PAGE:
Nothing beats a good story. Between bedtime stories when you were little or great novels and movies, a good story draws us in and keeps us hanging on to the edge of our seats until our hero finds his or her way and lives happily ever after.
At DMA Solutions, we’ve become students of storytelling. Whether it’s Joseph Campbell, Seth Godin or Donald Miller, each author has a version of a storytelling framework, and each positions the audience on the receiving end of the story, as the hero.
In a recent Marketing Matters webinar, Dan’l spoke in depth about building out a storytelling framework for your brand. We’re here to go a little deeper and give you some practical ways to start practicing this at your company.
Here’s how we recommend you make your audience the hero of your brand’s story:
Be the guide
Have you ever heard the song, “I want to talk about me” by Toby Keith? We’ve all been around that person who just loves to talk about themselves. And I'm pretty sure none of us have walked away feeling valued or that our problems mattered. But yet, we somehow forget this life lesson when it comes to telling our brand’s story! Instead of positioning our brands as the hero, we simply transition our position in the story to become the guide who helps the hero find what they’re searching for. This means your messaging shouldn’t lead with information about your company or your product, it should lead with the customer in mind.
Think about it, every great story has a hero, but more importantly that hero has a guide. Someone who comes along and points the hero to the ultimate solution. This means you need to be Robin, not Batman. You need to be Glinda, the good witch of the north, not Dorothy. You need to be Mr. Miyagi, not Daniel.
These are silly examples, but you see the point. Brand messaging, whether it’s on a website, social media, advertisements or internal communications, needs to position the audience as the hero while we (the marketer) focus on guiding them to success.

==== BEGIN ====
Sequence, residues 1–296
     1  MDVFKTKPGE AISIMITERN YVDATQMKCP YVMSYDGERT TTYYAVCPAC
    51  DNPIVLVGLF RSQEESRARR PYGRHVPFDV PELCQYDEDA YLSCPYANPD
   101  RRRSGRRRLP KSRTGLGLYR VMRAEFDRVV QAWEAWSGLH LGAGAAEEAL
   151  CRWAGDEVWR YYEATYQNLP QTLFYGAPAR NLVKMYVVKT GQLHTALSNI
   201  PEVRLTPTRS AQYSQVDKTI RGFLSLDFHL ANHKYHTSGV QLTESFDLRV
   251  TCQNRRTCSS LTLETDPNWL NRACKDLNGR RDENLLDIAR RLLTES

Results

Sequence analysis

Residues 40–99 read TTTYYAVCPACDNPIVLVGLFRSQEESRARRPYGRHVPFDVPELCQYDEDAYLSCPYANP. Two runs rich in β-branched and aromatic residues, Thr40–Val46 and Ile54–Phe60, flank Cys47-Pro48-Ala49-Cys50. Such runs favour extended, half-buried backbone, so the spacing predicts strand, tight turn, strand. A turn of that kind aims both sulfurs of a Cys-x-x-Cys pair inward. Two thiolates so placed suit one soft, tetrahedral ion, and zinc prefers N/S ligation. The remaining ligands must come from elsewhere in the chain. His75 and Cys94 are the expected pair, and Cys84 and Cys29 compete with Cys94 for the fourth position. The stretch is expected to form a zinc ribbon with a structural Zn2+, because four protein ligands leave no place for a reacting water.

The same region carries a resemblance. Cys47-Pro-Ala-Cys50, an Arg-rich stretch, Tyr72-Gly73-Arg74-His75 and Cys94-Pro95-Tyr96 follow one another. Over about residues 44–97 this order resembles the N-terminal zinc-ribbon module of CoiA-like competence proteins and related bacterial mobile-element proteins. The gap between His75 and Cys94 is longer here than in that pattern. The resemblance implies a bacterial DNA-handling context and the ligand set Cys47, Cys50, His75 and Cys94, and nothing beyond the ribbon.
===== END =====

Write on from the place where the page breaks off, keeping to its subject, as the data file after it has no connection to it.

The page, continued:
Lead with empathy
Think about your brand messaging and positioning right now. Does it start with a statement that involves you or your product? Oftentimes, we’re trying to explain what it is we do, or what our product does instead of starting with what the hero’s needs. Donald Miller said it best when he explained, ''almost all companies try to sell solutions to external problems, but customers are much more motivated to resolve their inner frustrations.''
This means we need to focus less on what your product does and focus more on the issues that your customer faces when the need for your product or solution is necessary. Here’s an example to help explain:
Let’s assume your product is a value-added, pre-packaged snack and your target audience is parents. Instead of starting your advertisements or social media with verbiage about your product, start with an empathetic statement to the busy mom who is struggling to balance work and getting fresh and healthy snacks on the plate for her kids. We connect with people when we’re empathetic and now is a great time to lean into this reality.
Finish with solutions
I know what you’re thinking, “I can be empathetic all day, but how will this approach ultimately lead to a sale?” Don’t worry, that’s next. Once you’ve proved to your customer or audience that you understand their challenges, now it’s time to give them a solution.
In the fresh produce industry, we’re fortunate that our products solve many problems facing retailers, foodservice providers and consumers today. During a pandemic, fresh and healthy foods are solving problems. Let’s share how our fresh products are helping people solve problems! Continuing the same example we used previously about the parent needing convenient and healthy snacks for their kids, we get to empathize with his/her problems and then introduce the solutions. The solution is your time-saving and nutritious snack.
A clear call to action (CTA) is crucial here. The customer or audience needs to know what they should do next. Is it “buy now,” “learn more,” “go here,” don’t assume the customer knows how to solve the problem. After all, we’re the guide!
People love a good story, so why should your brand messaging be anything less? Working to make the audience or customer the hero of your story will lead to amazing results for your brand including increased sales, improved company language for recruiting and hiring and most importantly being viewed as a resource by your customers.
Like I mentioned, we’re students of storytelling here at DMA. We’d love to brainstorm ways to move you from the hero to the guide. Schedule a call with us today!